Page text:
Think about this, how many of you are in that place who go along with a party line you know the citizens, in the majority, are presently rebelling against? How many of you dare not speak what you feel, or know is wrong, in the way we are being led? And ask why you are putting up with that kind of subjugation. Childish policies that cannot be advanced by persuasion and thereby enforced through oppressive manipulation of fear and incarceration is not the basis for a modern democracy. Using policemen or private armies to batter demonstrators and trying to hide it from the public, through a ban on reporting, is not going to make life easier for any of us.

    The result is rejection by the masses of those who collude in the oppression. Which is why we are witnessing a massive change in political affiliation toward UKIP and the Greens. Think about it seriously, what are UKIP and the Greens? What is their platform? Old Labour and old Conservative ring any bells.

    The further both these parties reverse the mantra of the last thirty years of drivel instigated by Global finance, the greater their advance will be. Right across Europe, not just in the UK.

    So, the point is, we need those in the Lords who have been around long enough to have seen it all before. And anyone under fifty should be in the Commons not the Lords. That is the place for experimentalists. The second chamber must be reserved for wisdom and the worthy. And those who are of any age, who remain wise and have something to offer us all, should not be banned from their seat. Although I agree a cut off point for the mundane and those who are clearly only their because of their connections, rather than their ability for service, should be chopped at any age. And not based on their gender or any other PC moment you might have.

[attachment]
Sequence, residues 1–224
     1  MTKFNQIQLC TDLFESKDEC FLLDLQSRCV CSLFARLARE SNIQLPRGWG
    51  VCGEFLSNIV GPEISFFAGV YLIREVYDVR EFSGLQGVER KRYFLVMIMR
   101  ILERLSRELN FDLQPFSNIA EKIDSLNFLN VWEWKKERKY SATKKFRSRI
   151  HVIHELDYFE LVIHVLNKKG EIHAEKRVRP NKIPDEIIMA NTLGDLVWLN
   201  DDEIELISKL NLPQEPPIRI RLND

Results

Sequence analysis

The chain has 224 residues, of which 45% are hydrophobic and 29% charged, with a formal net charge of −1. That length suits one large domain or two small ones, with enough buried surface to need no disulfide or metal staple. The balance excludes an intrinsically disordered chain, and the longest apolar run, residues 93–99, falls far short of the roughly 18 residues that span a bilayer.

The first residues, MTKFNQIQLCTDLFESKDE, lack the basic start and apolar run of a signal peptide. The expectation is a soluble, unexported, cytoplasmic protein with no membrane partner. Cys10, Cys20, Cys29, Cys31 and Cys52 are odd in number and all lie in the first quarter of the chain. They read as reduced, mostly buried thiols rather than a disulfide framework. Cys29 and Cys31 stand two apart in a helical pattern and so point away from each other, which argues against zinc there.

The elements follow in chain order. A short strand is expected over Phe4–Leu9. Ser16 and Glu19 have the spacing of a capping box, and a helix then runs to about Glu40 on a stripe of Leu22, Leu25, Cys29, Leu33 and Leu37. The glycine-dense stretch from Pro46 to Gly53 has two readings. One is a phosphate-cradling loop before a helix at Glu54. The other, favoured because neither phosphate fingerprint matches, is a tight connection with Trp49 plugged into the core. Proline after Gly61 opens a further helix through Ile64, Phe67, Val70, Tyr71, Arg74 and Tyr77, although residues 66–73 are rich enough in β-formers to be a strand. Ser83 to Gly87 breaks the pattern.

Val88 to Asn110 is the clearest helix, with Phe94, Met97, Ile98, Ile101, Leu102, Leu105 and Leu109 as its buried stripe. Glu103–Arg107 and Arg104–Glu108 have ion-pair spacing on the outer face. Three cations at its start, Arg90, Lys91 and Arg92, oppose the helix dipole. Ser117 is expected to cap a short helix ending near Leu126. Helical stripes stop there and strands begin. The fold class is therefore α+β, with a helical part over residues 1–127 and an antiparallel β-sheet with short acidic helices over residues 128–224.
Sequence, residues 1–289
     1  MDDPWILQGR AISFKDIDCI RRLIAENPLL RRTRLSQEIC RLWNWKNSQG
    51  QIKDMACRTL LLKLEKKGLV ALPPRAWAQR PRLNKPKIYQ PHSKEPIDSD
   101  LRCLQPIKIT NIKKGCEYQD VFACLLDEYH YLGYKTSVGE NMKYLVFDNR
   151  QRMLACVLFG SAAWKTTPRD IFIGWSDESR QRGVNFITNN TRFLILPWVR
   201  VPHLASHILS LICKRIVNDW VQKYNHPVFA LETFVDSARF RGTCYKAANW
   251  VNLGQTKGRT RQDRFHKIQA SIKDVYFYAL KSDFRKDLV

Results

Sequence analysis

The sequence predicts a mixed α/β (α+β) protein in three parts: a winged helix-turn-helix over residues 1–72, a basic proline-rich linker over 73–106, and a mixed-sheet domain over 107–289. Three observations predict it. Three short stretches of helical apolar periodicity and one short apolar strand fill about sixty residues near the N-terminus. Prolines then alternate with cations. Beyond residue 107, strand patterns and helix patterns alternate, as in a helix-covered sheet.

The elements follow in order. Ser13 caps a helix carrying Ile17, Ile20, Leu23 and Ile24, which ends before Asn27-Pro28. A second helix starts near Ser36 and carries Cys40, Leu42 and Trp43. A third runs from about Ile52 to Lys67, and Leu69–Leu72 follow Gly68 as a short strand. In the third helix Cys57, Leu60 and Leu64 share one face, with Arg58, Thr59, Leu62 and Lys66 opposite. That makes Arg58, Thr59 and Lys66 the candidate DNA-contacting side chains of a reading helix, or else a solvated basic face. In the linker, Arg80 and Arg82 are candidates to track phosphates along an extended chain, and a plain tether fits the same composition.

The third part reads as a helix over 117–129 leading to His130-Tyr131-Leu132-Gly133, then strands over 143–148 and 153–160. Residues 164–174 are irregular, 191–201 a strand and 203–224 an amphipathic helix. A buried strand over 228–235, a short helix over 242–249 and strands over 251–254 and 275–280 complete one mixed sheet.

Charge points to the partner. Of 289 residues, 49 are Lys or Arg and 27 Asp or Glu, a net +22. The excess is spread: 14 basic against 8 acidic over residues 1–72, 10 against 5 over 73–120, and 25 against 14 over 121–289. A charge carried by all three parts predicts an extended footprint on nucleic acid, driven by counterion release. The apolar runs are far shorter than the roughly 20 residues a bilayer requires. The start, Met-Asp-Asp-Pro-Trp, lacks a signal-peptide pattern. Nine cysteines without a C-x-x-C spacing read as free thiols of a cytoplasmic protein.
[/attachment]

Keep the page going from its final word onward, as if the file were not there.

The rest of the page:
What we need is a form of Lords driving licence. Not be allowed to take the test until fifty, and a revision of ability and usefulness every five years thereafter. Followed by election when taken in. With a ban on all those pushed into the Lords as some kind of payment for past loyalty card use. That would smarten the group already in there up. Would it not?

    Morality is another issue that should be in the forefront. The importance of it is grossly underrated as a need for public acceptance. Watch this report and you will see the impact a sense of morality has on every one of us.

  4. maude elwes
    05/11/2014 at 11:33 am

    Age concern!

    Shall we analyse what makes a ninety year old man have a heart? And why that heart is seen as a threat to multi billionaires? And last, but not least, are we in the UK going to be expected to go along with incarcerating a man doing what he was taught to do, his Christian duty, at the age of ninety? Will the Salvation Army be in line for mass imprisonment for running a food bank?

    As we blindly follow those nuts in the USA, I have no doubt this nasty crew we presently have in tow will avidly try to convince us that standing aside and allowing starvation in our society is for the good of us all.

  5. MilesJSD
    28/11/2014 at 12:49 am

    “Analysis” but essentially Exhaustive Scrutiny, needs to be launched, for all ages and other ‘levels’ of Peoples.